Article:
Wright does his readers a major service by providing verbatim Dayan’s famous eulogy over the grave of Roy Rothberg in Nahal Oz, next to the Gaza Strip, in 1956. Rothberg was shot dead by Arab infiltrators in the kibbutz fields. But Wright writes that Dayan had met Rothberg “during the siege of Gaza.” What siege? There was none; Gaza was then under Egyptian rule. The only “siege” of Gaza I know of is the one imposed by Israel on the Strip since 2007, when Hamas took over the Strip from the Palestinian Authority in an armed coup. And the kibbutz didn’t “commandeer” the Arabs’ fields—the fields were part of the territory conquered by Israel in the 1948 war, a war that the Palestinian Arabs and the Arab armies had launched.
BEYOND THESE factual errors, I found Wright’s book rather slanted. He has every right to prefer Sadat and Carter to Menachem Begin. Many, if not most, Israelis found Begin’s expansionist policies vis-à-vis the Palestinian territories and his war in Lebanon in 1982 abhorrent. Many also found him personally irritating and unlikable—though his reputation has definitely improved, in Israeli minds, since his death in 1992. This is partly due to the country’s steady drift to the right. But it also owes much to Begin’s personal honesty and reverence for the law.
But Wright’s tendentiousness goes way beyond his attitude toward the Israeli prime minister. In a way, he lets the cat out of the bag when he writes, regarding the Lebanese Christian Phalangist massacre of Palestinians in the Sabra and Shatila camps in Beirut in September 1982, that “the Israelis had a clear view of the slaughter from the rooftop of the Kuwaiti embassy, which they occupied. To assist the Phalangists in their work, the Israelis provided illuminating flares at night.” The implication is that the IDF deliberately aided the killers. This is essentially untrue. Israel’s subsequent Kahan Commission of Inquiry found fault in Defense Minister Ariel Sharon’s conduct and in that of several senior generals (all of whom were fired)—but ruled that the army had been unaware that a massacre was taking place and that when awareness finally dawned, it intervened and stopped it. None of this is in Wright’s book.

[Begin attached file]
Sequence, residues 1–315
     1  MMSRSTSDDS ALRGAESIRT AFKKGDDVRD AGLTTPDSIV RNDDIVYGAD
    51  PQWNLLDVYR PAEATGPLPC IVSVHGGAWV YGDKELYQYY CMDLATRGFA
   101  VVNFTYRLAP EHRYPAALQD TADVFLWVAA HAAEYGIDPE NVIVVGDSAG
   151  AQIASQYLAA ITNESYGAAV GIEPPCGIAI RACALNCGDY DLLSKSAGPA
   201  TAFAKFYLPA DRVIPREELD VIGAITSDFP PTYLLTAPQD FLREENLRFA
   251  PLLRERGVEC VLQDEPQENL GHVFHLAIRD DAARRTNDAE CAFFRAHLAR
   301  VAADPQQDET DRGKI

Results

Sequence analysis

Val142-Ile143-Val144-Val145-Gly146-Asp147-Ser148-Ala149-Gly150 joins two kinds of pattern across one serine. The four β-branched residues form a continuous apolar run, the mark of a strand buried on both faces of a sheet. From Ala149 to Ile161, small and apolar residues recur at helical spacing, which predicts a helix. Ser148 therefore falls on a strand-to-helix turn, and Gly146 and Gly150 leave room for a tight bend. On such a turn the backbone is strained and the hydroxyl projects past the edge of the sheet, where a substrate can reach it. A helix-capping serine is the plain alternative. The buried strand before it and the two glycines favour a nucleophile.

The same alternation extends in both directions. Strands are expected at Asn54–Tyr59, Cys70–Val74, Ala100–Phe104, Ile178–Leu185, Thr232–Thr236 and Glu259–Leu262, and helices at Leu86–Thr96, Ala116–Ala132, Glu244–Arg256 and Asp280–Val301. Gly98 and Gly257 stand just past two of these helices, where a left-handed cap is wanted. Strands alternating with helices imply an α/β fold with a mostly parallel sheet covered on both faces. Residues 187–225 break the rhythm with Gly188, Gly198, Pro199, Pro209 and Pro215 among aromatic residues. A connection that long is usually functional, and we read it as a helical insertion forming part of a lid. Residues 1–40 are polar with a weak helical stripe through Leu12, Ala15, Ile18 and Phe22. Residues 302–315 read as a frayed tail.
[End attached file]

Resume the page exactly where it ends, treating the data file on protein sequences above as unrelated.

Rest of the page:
Wright’s detailed description of the Israelite conquest of Canaan circa 1200 BC—which he bases solely on the Bible—is in a similar vein. To begin with, he calls Palestine a “vast tract” of land. “Vast”? By comparison, for example, with the lands that the Arabs rule, from the Atlantic to the Persian Gulf? He speaks of “the Israeli horde” that crossed the Jordan River. (I know that “horde” can mean a wandering mass of tribesmen; but in current usage it has a definitely savage connotation.) He tells of Joshua’s conquests and attendant massacres of Canaanite tribesmen—which all sounds very immoral in 2014 but was quite the norm in the thirteenth century BC. Wright seems to be condemning the Israelites of three thousand years ago by the light of twenty-first-century morality. And he directly connects 1200 BC to 1978—or 2014—by writing:
For many believers, the account of the annihilation of the peoples of Canaan is one of the most troubling stories in the Bible. For Begin, however, Joshua was the original incarnation of the Fighting Jew. Joshua’s mission was to carve out a living space [a reference to the Nazi quest for Lebensraum?] for the Israelites, much as modern Jews sought to do so in the Arab world. . . . Begin certainly wasn’t the only Israeli leader who believed that spilling blood was a necessary ritual for the unification and spiritual restoration of the Jewish people, and that enacting revenge on the Arabs was a way of healing the traumas of the Jewish experience in Europe and elsewhere.
Curiously, Wright then goes on to say that much of the biblical story that he has just related is actually untrue or of doubtful veracity, given recent archaeological discoveries—that the town of Ai was not conquered by Joshua but was destroyed a thousand years earlier, for example, or that Jericho was not a fortified town. Nonetheless, Wright is telling his readers that Zionism—he mentions Begin, Dayan and David Ben Gurion in the same bloodlusting breath—is a conquering, vengeful ideology.